NEW YORK - President Barack Obama holds a significant lead over each of his potential Republican opponents, including Romney,  in the November general election, according to a New York Times/CBS News poll released Tuesday.

Consecutive months of job growth, the bullish stock market and improving consumer demand appear to be benefiting the president who stated outright three years ago that his chances for a second term would depend on his ability to persuade the country that its economy was on the mend by this very month, the poll says.

It shows that the percentage of people who said they believed the economic outlook was improving is now greater, by double digits, than the percentage of those who said they believed it was getting worse, a reversal from a low point in September, when pessimists outnumbered optimists by by more than three to one. The new survey shows the president leading Romney by six points, 48 percent to 42 percent, among registered voters. Last month, the two men were tied at 45 percent each.

Obama’s lead over former Pennsylvania Senator Rick Santorum, who has surged to a lead in national polls, is eight points: 49 percent to 41 percent.

Romney’s drop in support against the president is attributable to a shift among independents. Last month, independents favoured the former Massachusetts governor by eight points over Obama. In the new survey, Obama holds the edge, leading Romney among independents by nine points.

The president holds double-digit leads over the other two Republican candidates in the race, Congressman Ron Paul and former House Speaker Newt Gingrich. Obama leads Paul 50 percent to 39 percent - an 11 point margin - and he leads Gingrich 54 percent to 36 percent, a difference of 18 points.

The findings come as the Republican candidates seek to cast themselves as the potential nominee with the best chance of beating Obama in November. Santorum is out with a new ad in Michigan, which holds its primary on February 28, which opens: “Who has the best chance to beat Obama? Rick Santorum.” Santorum holds a narrow lead over Romney among Republican primary voters nationwide, according to the new survey. Santorum had the support of 30 percent of Republican primary voters, followed by Romney at 27 percent, Paul at 12 percent and Gingrich at 10 percent. (The difference between Santorum and Romney is statistically insignificant, as it is within the poll’s three point margin of error.) Santorum, who has gained momentum from a three-state sweep, last Tuesday, was at just 16 percent nationally last month.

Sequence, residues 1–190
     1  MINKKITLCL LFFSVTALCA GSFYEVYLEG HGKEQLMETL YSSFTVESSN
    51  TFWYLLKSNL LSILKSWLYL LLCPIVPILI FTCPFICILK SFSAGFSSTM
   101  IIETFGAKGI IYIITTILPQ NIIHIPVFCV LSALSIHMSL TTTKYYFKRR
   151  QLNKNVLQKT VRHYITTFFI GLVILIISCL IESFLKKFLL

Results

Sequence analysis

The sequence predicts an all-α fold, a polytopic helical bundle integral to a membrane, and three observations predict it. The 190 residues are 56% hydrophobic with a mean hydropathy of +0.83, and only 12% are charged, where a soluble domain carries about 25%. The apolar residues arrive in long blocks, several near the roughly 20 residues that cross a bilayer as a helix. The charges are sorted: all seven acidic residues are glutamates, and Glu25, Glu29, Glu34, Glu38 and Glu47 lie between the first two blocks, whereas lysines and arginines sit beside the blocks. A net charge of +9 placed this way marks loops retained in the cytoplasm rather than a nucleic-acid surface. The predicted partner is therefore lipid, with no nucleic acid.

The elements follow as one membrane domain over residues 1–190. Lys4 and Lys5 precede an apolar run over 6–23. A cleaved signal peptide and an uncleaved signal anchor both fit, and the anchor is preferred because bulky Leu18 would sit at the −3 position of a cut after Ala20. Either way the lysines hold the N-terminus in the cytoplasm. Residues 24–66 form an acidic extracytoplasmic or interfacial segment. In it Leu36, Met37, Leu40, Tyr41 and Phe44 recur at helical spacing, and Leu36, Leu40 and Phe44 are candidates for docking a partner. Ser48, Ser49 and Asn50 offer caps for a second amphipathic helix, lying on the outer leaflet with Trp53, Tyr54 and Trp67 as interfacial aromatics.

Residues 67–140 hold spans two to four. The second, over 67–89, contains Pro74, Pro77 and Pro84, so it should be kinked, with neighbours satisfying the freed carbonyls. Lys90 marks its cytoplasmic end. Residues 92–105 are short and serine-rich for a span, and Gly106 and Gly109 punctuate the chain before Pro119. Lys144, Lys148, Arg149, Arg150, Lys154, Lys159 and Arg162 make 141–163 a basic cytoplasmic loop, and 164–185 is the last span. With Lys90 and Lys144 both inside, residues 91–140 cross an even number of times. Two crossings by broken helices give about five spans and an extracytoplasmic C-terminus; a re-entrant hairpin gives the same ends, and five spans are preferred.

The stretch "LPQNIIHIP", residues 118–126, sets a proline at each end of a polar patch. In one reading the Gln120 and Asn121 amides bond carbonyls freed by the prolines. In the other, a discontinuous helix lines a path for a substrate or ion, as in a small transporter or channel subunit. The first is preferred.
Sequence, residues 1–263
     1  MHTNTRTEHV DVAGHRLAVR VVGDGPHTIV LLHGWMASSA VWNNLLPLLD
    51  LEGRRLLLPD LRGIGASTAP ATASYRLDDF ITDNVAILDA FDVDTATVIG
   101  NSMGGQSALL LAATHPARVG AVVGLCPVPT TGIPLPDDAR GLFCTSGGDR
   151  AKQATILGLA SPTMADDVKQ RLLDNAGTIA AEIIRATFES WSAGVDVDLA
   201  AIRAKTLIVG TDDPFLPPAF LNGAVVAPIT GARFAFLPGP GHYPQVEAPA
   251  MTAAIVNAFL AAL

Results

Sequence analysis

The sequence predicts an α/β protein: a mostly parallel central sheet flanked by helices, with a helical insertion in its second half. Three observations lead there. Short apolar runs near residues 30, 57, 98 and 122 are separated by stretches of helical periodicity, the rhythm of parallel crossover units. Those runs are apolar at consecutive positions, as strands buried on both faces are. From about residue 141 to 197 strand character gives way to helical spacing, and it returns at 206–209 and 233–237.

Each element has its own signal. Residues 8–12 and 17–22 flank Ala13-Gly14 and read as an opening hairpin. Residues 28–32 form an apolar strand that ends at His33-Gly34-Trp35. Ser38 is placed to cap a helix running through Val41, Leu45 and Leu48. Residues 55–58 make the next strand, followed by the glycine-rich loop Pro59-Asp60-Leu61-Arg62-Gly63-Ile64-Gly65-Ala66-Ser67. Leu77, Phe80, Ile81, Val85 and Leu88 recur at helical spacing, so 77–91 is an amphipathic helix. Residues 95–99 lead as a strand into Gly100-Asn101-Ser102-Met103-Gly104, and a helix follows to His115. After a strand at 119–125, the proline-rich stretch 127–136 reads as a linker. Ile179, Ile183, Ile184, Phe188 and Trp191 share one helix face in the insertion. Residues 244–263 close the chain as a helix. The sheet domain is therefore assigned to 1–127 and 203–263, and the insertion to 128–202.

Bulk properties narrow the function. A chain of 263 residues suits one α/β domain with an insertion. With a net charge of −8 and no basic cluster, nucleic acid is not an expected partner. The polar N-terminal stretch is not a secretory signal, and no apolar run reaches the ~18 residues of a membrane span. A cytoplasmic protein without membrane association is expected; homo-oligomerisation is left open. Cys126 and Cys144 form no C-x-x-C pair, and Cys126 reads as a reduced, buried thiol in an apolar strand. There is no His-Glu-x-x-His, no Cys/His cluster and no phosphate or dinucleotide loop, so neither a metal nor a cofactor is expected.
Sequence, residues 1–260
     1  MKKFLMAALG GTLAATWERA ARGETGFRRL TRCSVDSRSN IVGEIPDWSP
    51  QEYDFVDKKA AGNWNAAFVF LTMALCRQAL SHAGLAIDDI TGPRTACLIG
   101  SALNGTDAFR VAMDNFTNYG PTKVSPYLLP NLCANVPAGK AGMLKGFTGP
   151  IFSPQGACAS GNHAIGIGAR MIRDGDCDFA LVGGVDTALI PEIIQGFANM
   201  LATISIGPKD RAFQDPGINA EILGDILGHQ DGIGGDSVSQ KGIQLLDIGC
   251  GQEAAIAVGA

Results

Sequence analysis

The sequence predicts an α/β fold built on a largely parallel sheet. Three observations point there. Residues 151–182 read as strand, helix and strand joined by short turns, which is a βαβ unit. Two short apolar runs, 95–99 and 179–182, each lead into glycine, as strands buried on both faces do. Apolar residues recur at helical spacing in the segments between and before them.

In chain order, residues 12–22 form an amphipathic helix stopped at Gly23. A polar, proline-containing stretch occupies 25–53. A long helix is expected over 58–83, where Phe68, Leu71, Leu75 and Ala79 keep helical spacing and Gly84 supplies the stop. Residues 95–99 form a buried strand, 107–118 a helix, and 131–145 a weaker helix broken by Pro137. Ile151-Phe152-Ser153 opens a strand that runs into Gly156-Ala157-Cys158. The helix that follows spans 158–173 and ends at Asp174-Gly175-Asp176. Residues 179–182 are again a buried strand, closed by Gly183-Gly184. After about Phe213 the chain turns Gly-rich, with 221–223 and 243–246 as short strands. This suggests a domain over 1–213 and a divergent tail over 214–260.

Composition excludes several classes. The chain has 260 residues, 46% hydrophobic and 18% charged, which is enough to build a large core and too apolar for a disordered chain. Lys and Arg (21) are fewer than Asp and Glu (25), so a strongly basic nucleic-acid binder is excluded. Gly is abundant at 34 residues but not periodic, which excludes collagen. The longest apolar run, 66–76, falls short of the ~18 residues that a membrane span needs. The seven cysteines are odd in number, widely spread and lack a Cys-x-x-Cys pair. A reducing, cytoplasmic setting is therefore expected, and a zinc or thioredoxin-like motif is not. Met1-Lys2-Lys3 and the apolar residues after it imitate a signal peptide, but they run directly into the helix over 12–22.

Romney is widely seen as the candidate with the best chance to beat Obama: 55 percent of Republican primary voters say Romney is the most electable candidate. No other candidate is seen as having the best chance to win by more than 15 percent of GOP primary voters. But Romney is not seen as reflecting Republican primary voters’ values. Just 23 percent say Romney is the candidate who best represents their values, while 39 percent choose Santorum.

Roughly one in three Republican primary voters say Romney, who has been attacked over his moderate record as Massachusetts governor, holds views that are not conservative enough. By contrast, only seven percent say that Santorum’s views are insufficiently conservative. Santorum leads Romney by at least twelve points among the most conservative members of the Republicans: self-described conservatives, Tea Partiers and white evangelicals.

And while at least half of Republican primary voters say Santorum, Gingrich and Paul would offer policies that would be “very different” than Obama, just 36 percent say Romney’s policies would be “very different” than those of the president.

Santorum is also seen as the candidate most likely to help the middle class: Thirty-two percent of Republican primary voters say Santorum would be most likely to help middle class Americans, while 19 percent cite Romney, 18 percent cite Gingrich and 18 percent cite Paul. Among registered voters overall, 53 percent say Romney favours the rich over other Americans; only 31 percent say the same of Santorum.

Republican primary voters remain dissatisfied with their candidates: 62 percent say they want more choices while 34 percent say they are happy with the field. Sixty percent of GOP primary voters who have picked a candidate say they could still change their mind, while 39 percent say they have settled on a candidate.

The survey, conducted from February 8-13, also found Obama’s approval rating reaching 50 percent amid rising optimism over the economy.